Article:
January 11, 2011 | permalink
On April 8, the day before Marines arrived at Firdos Square, an Army tank on the Al Jumhuriya Bridge fired a shell at the Palestine Hotel, killing two journalists and injuring three others. Those killings increased pressure on the Pentagon to secure the hotel, so that no further harm would come to journalists there; the next day, Marines were dispatched to the Palestine. Subsequent investigations revealed that although key officers on the ground, including brigade and battalion commanders, knew the Palestine should not be fired on, they did not know the hotel’s precise location, because it wasn’t marked on their maps; the tank’s crew did not know that journalists were in the building they were firing on. Click here to read the investigation from The Los Angeles Times, and click here to read the report from the Committee to Protect Journalists.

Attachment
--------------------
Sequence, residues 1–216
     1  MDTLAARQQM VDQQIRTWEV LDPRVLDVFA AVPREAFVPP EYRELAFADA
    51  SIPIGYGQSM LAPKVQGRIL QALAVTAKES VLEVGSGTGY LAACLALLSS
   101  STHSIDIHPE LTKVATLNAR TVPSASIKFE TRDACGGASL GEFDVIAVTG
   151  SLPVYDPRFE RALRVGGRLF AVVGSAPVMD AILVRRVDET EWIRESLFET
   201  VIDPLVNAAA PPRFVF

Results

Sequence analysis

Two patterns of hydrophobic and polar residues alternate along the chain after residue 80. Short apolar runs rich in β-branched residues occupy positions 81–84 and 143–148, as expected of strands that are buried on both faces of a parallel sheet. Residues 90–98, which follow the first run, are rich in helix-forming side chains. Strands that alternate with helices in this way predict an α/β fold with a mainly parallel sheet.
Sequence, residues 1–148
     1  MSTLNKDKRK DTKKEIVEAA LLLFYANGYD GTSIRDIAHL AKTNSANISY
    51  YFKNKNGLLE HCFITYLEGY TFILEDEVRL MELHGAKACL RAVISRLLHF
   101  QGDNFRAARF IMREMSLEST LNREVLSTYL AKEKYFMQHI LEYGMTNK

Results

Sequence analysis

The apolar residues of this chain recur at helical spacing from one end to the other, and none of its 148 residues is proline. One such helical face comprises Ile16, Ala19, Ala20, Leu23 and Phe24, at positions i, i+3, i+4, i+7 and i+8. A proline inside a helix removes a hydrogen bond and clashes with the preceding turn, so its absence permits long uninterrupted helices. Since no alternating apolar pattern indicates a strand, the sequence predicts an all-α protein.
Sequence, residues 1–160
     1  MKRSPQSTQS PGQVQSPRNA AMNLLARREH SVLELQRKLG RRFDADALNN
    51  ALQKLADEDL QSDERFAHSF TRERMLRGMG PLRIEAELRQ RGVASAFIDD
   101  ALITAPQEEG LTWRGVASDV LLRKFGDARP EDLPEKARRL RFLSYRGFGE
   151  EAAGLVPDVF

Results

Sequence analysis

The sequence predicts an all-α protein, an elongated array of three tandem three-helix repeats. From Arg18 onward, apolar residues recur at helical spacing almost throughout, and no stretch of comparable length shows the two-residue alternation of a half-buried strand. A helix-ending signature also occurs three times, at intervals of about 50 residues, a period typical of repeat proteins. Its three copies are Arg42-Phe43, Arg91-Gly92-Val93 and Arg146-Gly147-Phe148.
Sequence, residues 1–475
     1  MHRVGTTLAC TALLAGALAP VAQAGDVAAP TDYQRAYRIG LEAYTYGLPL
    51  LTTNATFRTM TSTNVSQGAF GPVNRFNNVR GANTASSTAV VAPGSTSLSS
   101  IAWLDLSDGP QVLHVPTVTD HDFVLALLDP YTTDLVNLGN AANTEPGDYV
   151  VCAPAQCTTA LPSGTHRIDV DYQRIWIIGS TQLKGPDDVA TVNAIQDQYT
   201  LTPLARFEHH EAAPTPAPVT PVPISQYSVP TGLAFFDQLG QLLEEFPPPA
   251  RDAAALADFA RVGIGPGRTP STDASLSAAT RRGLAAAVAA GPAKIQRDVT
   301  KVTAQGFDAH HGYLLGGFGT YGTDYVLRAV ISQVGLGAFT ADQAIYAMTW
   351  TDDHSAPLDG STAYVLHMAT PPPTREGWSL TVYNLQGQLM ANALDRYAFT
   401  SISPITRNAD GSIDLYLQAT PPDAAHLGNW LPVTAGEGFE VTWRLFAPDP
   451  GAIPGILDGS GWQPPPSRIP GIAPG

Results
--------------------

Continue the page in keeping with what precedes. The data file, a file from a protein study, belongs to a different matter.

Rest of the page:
On April 9, 2003, American Marines toppled a statue of Saddam Hussein at Firdos Square in Baghdad. Broadcast across the world, the event symbolized what was thought to be an American victory in Iraq. My reconstruction, written with support from ProPublica and the Shorenstein Center, was published in The New Yorker. This section contains documents, photos, videos and links related to the story.
A look at oil’s indelible impact on the countries that produce it and the people who possess it.
Dispatches from the war in Bosnia, published in 1996 by Alfred A. Knopf, Inc.